Ray, the series of bullets wer FAT1, FAT1E1, FAT1E2, FAT2, FAT3, FAT4, FAT5, and FAT5E1 The story of the T30 continues, but it is simply too long to recount more of it here. First lots seemed to be packed in 50 round boxes, but mentioned is the fact that the T30 was used as a signaling cartridge, and this squares with later packaging of 20 rounds boxes wrapped in wax paper like the survival kit shot cartridges were. I have one of these boxes.

This information is from HWS II, pages 33. In keeping with the title of that volume, their is no discussion of the T-30 rounds made in 1947. Hower, under discussion of bullet FAT5, we find it is the only bullet with a red tip and also the cross stamped on the nose. No mention of why the cross was stamped, but perhaps for no other reason than to ID it as FAT5. This bullet weighed 208 grains.

I have no more .45 tracer rounds in my collection, of course, only empty boxes. But, you might weight your round against a normal. similarly dated, steel-cased FA .45 round, Ball 230 grains, and you can probably get a close idea of the bullet weight without pulling the bullet. My experince years ago of trying to pull FA .45 tracers, which were sealed into the case with a black tar-like substance, was poor. I totally ruined a kenitic bullet puller and had no success.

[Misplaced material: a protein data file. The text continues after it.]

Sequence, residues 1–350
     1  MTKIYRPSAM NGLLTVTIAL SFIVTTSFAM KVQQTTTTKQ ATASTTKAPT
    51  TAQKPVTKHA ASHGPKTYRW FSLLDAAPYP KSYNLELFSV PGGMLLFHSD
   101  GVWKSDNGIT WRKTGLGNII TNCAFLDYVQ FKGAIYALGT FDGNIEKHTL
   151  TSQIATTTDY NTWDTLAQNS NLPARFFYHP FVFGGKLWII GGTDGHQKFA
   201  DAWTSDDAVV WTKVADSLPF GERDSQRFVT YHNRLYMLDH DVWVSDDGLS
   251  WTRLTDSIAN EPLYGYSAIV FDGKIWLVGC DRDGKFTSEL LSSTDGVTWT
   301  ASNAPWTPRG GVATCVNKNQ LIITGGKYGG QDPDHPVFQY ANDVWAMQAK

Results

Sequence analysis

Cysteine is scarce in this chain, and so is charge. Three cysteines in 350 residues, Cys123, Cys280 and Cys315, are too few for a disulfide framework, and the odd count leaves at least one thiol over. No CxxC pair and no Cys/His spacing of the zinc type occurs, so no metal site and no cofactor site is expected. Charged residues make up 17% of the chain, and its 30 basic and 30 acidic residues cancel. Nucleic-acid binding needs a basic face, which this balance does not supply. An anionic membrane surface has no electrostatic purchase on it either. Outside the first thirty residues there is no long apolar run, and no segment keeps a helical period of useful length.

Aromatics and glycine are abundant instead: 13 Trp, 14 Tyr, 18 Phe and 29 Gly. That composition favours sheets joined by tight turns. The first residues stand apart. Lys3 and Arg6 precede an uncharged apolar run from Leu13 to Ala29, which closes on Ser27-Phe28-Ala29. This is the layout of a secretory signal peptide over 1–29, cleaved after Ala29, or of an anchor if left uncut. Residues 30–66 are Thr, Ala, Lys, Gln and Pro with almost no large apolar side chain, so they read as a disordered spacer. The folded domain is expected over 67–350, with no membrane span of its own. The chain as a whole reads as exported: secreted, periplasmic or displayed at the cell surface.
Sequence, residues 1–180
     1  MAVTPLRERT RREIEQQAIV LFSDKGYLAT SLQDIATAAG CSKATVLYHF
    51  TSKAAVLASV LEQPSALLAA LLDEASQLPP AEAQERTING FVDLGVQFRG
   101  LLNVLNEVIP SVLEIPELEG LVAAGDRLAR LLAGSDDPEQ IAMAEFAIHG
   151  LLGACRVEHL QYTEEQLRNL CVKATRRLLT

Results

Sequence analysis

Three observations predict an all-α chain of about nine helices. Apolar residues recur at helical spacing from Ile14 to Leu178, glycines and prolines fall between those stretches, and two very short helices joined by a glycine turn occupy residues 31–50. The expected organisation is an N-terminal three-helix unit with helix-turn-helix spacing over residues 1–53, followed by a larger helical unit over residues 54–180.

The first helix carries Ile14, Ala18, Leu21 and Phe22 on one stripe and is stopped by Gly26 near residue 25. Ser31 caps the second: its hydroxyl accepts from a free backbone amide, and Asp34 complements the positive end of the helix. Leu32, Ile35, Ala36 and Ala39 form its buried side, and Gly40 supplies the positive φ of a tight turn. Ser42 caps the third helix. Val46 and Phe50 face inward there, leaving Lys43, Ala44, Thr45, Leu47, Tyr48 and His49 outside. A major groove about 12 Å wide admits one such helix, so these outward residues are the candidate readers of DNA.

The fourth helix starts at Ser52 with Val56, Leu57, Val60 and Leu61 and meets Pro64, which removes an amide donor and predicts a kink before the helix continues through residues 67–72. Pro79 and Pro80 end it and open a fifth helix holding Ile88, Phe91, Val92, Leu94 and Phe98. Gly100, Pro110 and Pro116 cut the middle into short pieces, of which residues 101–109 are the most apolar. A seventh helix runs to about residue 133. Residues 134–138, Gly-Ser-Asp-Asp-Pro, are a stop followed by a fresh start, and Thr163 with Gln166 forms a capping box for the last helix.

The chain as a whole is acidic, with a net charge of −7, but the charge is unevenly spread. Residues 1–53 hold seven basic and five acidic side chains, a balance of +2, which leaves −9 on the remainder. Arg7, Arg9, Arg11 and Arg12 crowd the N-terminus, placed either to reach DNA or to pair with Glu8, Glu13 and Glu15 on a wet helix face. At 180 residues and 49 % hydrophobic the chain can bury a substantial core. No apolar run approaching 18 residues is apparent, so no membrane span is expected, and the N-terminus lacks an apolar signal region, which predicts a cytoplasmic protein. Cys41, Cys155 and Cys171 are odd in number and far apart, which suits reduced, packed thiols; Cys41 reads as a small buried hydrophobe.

I don’t know if the T30 FAT5 is so seal in or not.

I wish I could help farther with post-war production of the T-30, but unfortunately, I have no other info now. By the way, I am sure you have Volume II. I typed as much as I did for those who don’t have the book. I simply could not continue as am running out of time today.

John Moss


Your entry was made while I was typing mine. I think the “X” question is answer - a double ID on both the white tracer, which had a white tip (I’ve never seen one) and then later, on the FAT5 bullet, perhaps to be a double ID, along with a red tip.

I always though the “touch” explanation was silly, to be honest. Maybe that was one intenet, but I’m with you. I have a normal sense of touch, and could never really feel the “X”.

John Moss



Yes, I read HWS II but, as I said above, I had a very hard time trying to seperate the different cartridges that had the “X” bullet.

I had only wartime steel cased cartridges to compare it with but it weighs only 291 grains which is quite a bit less (20 grains +/-) than the Ball rounds. Perhaps this indicates that it is the last cartridge descibed by HWS - the T30 with the FAT5 bullet? The “X” for in-house identification only.


Ray - that’s what I reckoned it was in my answer - the T30 with FAT5 bullet. “In house ID” seems to be the most logical answer.

A little more, I just got from Frank Hackly: “…the T30 became the M26 in 1946, so your FA 47 is probably the M26? (Note the question mark is his, not mine). In fact FA loaded a lot in 1947 with steel cases and the P4 primer identified by a zinc-lated primer cup.”